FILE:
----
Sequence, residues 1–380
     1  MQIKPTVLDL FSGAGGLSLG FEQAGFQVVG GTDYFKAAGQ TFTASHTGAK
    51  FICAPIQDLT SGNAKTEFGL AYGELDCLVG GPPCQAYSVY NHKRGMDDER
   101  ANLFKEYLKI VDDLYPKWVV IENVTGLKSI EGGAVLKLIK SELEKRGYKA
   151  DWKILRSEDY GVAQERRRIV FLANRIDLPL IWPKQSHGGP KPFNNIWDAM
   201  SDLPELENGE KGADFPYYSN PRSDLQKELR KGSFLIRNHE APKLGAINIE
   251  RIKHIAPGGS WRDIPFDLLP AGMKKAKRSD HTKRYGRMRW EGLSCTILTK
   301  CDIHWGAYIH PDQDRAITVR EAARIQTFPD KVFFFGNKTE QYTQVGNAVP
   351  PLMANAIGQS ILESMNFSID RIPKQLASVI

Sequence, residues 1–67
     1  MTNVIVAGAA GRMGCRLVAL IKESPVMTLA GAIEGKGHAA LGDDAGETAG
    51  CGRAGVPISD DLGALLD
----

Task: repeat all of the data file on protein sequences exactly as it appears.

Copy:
Sequence, residues 1–380
     1  MQIKPTVLDL FSGAGGLSLG FEQAGFQVVG GTDYFKAAGQ TFTASHTGAK
    51  FICAPIQDLT SGNAKTEFGL AYGELDCLVG GPPCQAYSVY NHKRGMDDER
   101  ANLFKEYLKI VDDLYPKWVV IENVTGLKSI EGGAVLKLIK SELEKRGYKA
   151  DWKILRSEDY GVAQERRRIV FLANRIDLPL IWPKQSHGGP KPFNNIWDAM
   201  SDLPELENGE KGADFPYYSN PRSDLQKELR KGSFLIRNHE APKLGAINIE
   251  RIKHIAPGGS WRDIPFDLLP AGMKKAKRSD HTKRYGRMRW EGLSCTILTK
   301  CDIHWGAYIH PDQDRAITVR EAARIQTFPD KVFFFGNKTE QYTQVGNAVP
   351  PLMANAIGQS ILESMNFSID RIPKQLASVI

Sequence, residues 1–67
     1  MTNVIVAGAA GRMGCRLVAL IKESPVMTLA GAIEGKGHAA LGDDAGETAG
    51  CGRAGVPISD DLGALLD